This week, after nine months of uncertain deliberations, legislators in Springfield narrowly passed a bill that made Illinois the fifteenth state to allow gay marriage. The Illinois Senate had passed the measure this past February, but the House, worried about a lack of support, had postponed a vote until now. It was a heavily-lobbied and heavily-publicized process, intensified by the emphasis placed on gay marriage by both advocates and opponents this legislative session. However, the fight was fought beyond both the halls of the Illinois legislature and the liberal urban and conservative rural populations most associated with the debate. It also played out on the South Side of Chicago, demonstrating a split in African-American politics over social issues.

Equality Illinois, a prominent LGBTQ lobbying organization, is one of the primary groups responsible for pushing this bill through the House. On June 17, after the failure of the Illinois House to bring the bill to a vote, Equality Illinois announced its intention to fundraise and spend $500,000, half of which would be used for an “educational campaign” in areas including Chicago. Equality Illinois Public Policy Director Randy Hannig says the group has “spent a lot of time and effort” on outreach to the city’s African-American community in response to the work of one the nation’s leading anti-gay marriage organizations, the National Organization for Marriage (NOM). Their tactic, Hanning says, was to “cause a rift between the gay community and the African-American community” in Chicago by funneling money to prominent South Side pastors and encouraging them to speak against gay marriage.

During a 2012 investigation into NOM’s finances, a Maine court seized and unsealed a confidential 2009 document entitled “National Strategy for Winning the Marriage Battle,” that offered an explicit description of methods for preventing the legalization of gay marriage “We aim, “it said, “to find, equip, energize and connect African-American spokespeople for marriage; to develop a media campaign around their objections to gay marriage as a civil right.” A section of this document titled “Not a Civil Right” Project, focuses on the importance of deliberately targeting black communities around the country, because “the majority of African-Americans…oppose gay marriage.” (At the time this article went to press, NOM could not be reached for comment.)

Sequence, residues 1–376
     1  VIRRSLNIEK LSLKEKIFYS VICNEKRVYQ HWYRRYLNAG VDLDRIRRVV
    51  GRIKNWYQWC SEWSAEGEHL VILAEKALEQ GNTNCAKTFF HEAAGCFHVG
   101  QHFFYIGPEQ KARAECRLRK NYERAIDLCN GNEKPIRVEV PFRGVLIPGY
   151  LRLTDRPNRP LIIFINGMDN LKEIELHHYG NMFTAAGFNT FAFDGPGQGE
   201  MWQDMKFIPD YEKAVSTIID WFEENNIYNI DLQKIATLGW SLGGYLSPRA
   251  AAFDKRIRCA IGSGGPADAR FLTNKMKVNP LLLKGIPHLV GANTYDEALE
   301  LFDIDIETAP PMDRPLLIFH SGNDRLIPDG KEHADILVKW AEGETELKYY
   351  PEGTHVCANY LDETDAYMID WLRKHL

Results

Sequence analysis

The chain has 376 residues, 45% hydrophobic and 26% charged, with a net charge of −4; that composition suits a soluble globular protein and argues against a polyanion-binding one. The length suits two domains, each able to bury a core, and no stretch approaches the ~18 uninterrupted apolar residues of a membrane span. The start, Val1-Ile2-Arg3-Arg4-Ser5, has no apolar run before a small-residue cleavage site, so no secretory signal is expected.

Many religious leaders on the South Side have been outspoken in the fight against gay marriage. In March, Rev. James T. Meeks, Pastor of the Salem Baptist Church in Pullman and a former Illinois state Senator, released a “robo-call” warning of the dangers of same-sex marriage and encouraging the community to contact their state representative that reached 200,000 households. The funding for the robo-calls, made on behalf of the Chicago-based African-American Clergy Coalition (AACC), has been linked by the Chicago Sun-Times back to NOM.

Despite the outspokenness of religious leaders like Meeks and the efforts of national anti-gay marriage organizations, fourteen of the twenty members of the Black Caucus in the House supported the measure, potentially reflecting sentiments about gay marriage on the South Side and in other predominantly black communities more accurately. This could be made more clear in the upcoming 2014 election cycle, during which members of the AACC plan to mobilize their communities to vote out representatives who supported the bill. For now though, gay marriage supporters like Hannig are confident about the progress the marriage equality movement is making on the South Side. Their strategy really failed at the end of the day; “he says of the bill’s opponents. “The vast majority of the House Black Caucus voted in favor. They wanted to be on the right side of history.”

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